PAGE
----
$
(184.2
)
 
$
(256.4
)

The Condensed Consolidated Statements of Income line items affected by the hedging activities reclassified from accumulated other comprehensive loss in the tables above are disclosed in Note 13 of Notes to Condensed Consolidated Financial Statements.
The reclassification amounts for pension and post retirement benefit adjustments in the tables above are part of net periodic benefit costs recorded in Operating Expenses (see also Note 8 of Notes to Condensed Consolidated Financial Statements).

5. GOODWILL AND INTANGIBLE ASSETS
Goodwill
As required, the Company performs an annual impairment test of goodwill as of the end of the October fiscal month or more frequently if events or circumstances change that would more likely than not reduce the fair value of its reporting units below their carrying value.

13



The following information presents changes to goodwill during the nine months ended September 30, 2017 (in millions):
 
Total
 
Commercial and Industrial Systems
 
Climate Solutions
 
Power Transmission Solutions
Balance as of December 31, 2016
$
1,453.2

 
$
540.6

 
$
341.8

 
$
570.8

Translation Adjustments
22.0

 
8.9

 
1.1

 
12.0

Balance as of September 30, 2017
$
1,475.2

 
$
549.5

 
$
342.9

 
$
582.8

 
 
 
 
 
 
 
 
Cumulative Goodwill Impairment Charges
$
275.7

 
$
244.8

 
$
7.7

 
$
23.2

Intangible Assets
Intangible assets consisted of the following (in millions):  
 
 
 
 
September 30, 2017
 
December 31, 2016
 
 
Weighted Average Amortization Period (Years)
 
Gross Value
 
Accumulated
Amortization
 
Gross Value
 
Accumulated
Amortization
Amortizable Intangible Assets:
 
 
 
 
 
 
 
 
 
 
  Customer Relationships
 
16
 
$
718.8

 
$
240.1

 
$
703.6

 
$
201.6

  Technology
 
13
 
191.8

 
118.0

 
189.7

 
109.5

  Trademarks
 
15
 
32.7

 
25.3

 
31.8

 
23.3

  Patent and Engineering Drawings
 
5
 
16.6

 
16.6

 
16.6

 
16.6

  Non-Compete Agreements
 
8
 
8.4

 
8.3

 
8.3

 
8.1

 
 
 
 
968.3

 
408.3

 
950.0

 
359.1

Non-Amortizable Trade Names
 
 
 
122.4

 

 
120.8

 

 
 
 
 
$
1,090.7

 
$
408.3

 
$
1,070.8

 
$
359.1

 
 
 
 
 
 
 
 
 
 
 

Amortization expense recorded for the three and nine months ended September 30, 2017 was $13.9 million and $41.9 million, respectively. Amortization expense recorded for the three and nine months ended October 1, 2016 was $15.6 million and $47.0 million, respectively. Amortization expense for 2017 is estimated to be $55.9 million.
Estimated expected future annual amortization for intangible assets is as follows (in millions):

 Year
 
Estimated Amortization
2018
 
$
53.9

2019
 
53.5

2020
 
50.4

2021
 
42.6

2022
 
41.0




6. BUSINESS SEGMENTS
Commercial and Industrial Systems produces medium and large motors, commercial and industrial equipment, generator and custom drives and systems. These products serve markets including commercial Heating, Ventilation, and Air Conditioning ("HVAC"), pool and spa, standby and critical power and oil and gas systems.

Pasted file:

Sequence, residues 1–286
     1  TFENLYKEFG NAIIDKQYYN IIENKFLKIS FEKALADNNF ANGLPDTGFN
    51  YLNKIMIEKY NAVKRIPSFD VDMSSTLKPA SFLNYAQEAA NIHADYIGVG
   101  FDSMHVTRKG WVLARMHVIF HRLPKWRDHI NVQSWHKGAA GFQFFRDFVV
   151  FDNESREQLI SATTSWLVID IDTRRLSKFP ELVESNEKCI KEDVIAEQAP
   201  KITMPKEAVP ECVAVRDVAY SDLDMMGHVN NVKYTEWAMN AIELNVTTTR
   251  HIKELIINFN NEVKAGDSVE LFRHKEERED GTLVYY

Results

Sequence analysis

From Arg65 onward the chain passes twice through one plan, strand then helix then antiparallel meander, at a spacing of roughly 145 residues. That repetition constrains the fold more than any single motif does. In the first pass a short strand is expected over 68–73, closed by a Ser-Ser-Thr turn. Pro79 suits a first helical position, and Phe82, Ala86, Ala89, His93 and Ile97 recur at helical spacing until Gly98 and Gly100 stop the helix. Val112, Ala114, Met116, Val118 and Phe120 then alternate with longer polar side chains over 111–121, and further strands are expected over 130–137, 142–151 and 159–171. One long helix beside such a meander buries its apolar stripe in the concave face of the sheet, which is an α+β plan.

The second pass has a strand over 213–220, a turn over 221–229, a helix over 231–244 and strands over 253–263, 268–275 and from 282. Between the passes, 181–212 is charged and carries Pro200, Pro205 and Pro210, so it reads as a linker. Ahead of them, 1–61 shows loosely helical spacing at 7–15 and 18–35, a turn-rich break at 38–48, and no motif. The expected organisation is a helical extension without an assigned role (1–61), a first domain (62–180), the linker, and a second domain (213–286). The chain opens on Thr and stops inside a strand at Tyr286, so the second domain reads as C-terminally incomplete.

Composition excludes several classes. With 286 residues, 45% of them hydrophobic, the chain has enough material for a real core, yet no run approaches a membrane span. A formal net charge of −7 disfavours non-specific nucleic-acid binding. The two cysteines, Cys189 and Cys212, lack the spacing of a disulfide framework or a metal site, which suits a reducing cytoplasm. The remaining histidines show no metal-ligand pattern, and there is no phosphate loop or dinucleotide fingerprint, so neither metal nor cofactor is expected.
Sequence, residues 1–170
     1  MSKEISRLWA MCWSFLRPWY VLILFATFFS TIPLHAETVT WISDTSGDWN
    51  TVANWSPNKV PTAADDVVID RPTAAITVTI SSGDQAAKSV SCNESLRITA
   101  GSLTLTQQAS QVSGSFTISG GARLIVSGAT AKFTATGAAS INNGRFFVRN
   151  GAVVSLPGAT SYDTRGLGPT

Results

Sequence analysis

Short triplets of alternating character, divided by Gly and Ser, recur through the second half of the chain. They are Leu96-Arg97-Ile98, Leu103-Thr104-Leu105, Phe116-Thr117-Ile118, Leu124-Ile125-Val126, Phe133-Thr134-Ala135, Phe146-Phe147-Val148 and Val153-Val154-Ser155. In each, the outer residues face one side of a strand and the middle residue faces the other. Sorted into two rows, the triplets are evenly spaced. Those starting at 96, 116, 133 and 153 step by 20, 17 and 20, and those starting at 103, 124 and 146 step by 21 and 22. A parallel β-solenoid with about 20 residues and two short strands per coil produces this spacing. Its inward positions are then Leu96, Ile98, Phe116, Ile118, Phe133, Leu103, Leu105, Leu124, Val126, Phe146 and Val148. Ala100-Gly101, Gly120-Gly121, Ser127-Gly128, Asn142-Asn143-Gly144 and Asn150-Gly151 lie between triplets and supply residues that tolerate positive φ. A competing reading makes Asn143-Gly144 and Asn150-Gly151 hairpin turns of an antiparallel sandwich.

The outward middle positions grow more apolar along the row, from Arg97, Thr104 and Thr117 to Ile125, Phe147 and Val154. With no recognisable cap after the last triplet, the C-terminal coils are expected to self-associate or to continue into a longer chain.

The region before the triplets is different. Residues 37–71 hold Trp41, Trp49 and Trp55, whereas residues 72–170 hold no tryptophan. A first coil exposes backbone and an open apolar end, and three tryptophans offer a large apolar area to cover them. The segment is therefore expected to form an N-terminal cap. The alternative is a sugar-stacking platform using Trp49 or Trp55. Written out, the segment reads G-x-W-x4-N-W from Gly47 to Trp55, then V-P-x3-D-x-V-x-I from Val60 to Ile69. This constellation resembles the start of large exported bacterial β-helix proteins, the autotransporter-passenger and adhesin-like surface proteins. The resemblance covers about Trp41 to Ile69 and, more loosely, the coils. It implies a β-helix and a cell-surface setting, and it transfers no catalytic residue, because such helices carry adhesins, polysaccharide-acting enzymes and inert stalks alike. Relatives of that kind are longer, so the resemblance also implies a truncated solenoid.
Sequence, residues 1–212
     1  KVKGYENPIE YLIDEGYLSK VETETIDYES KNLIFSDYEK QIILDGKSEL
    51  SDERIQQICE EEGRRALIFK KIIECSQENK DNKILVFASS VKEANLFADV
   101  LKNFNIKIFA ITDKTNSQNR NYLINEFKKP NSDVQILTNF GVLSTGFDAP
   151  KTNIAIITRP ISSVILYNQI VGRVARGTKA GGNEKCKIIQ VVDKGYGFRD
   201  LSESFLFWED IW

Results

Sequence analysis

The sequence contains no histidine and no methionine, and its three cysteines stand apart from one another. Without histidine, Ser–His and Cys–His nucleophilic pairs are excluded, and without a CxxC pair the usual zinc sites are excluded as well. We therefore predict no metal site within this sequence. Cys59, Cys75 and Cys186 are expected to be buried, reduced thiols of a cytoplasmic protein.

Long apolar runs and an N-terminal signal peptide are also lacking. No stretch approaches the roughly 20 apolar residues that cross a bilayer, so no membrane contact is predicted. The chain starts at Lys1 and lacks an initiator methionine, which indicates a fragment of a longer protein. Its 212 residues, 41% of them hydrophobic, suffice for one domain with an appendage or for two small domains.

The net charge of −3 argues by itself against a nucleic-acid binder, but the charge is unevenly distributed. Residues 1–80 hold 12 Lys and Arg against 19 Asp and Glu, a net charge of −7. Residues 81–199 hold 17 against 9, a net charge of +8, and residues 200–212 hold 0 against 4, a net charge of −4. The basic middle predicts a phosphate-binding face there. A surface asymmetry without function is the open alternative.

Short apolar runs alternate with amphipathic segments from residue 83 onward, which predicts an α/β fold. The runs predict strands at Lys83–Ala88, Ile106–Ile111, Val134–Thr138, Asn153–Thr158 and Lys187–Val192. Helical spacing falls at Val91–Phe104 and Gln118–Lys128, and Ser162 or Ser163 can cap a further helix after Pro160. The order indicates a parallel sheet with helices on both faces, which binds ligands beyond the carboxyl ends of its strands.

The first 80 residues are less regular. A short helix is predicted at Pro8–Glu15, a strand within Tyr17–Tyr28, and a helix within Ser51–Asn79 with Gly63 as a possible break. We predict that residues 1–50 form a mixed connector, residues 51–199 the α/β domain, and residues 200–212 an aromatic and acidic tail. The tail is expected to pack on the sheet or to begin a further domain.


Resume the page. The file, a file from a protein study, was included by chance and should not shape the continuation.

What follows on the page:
14



Climate Solutions produces small motors, controls and air moving solutions serving markets including residential and light commercial HVAC, water heaters and commercial refrigeration.
Power Transmission Solutions manufactures, sells and services belt and chain drives, helical and worm gearing, mounted and unmounted bearings, couplings, modular plastic belts, conveying chains and components, hydraulic pump drives, large open gearing and specialty mechanical products serving markets including beverage, bulk handling, metals, special machinery, energy, aerospace and general industrial.
The Company evaluates performance based on the segment's income from operations. Corporate costs have been allocated to each segment based on the net sales of each segment. The reported external net sales of each segment are from external customers.
The following sets forth certain financial information attributable to the Company's operating segments for the three and nine months ended September 30, 2017 and October 1, 2016 (in millions):
 
Commercial and Industrial Systems
 
Climate Solutions
 
Power Transmission Solutions
 
Eliminations
 
Total
Three Months Ended September 30, 2017
 
 
 
 
 
 
 
 
 
External Sales
$
408.0

 
$
256.0

 
$
192.9

 
$

 
$
856.9

Intersegment Sales
16.4

 
5.0

 
0.5

 
(21.9
)
 

  Total Sales
424.4

 
261.0

 
193.4

 
(21.9
)
 
856.9

Gross Profit
98.0

 
65.8

 
63.2

 

 
227.0

Operating Expenses
68.4

 
27.0

 
37.6

 

 
133.0

Income from Operations
29.6

 
38.8

 
25.6

 

 
94.0

Depreciation and Amortization
15.2

 
5.5

 
13.6

 

 
34.3

Capital Expenditures
8.6

 
3.1

 
3.6

 

 
15.3

Three Months Ended October 1, 2016
 
 
 
 
 
 
 
 
 
External Sales
$
389.4

 
$
250.5

 
$
169.7

 
$

 
$
809.6

Intersegment Sales
10.8

 
5.7

 
1.1

 
(17.6
)
 

  Total Sales
400.2

 
256.2

 
170.8

 
(17.6
)
 
809.6

Gross Profit
105.4

 
71.4

 
54.9

 

 
231.7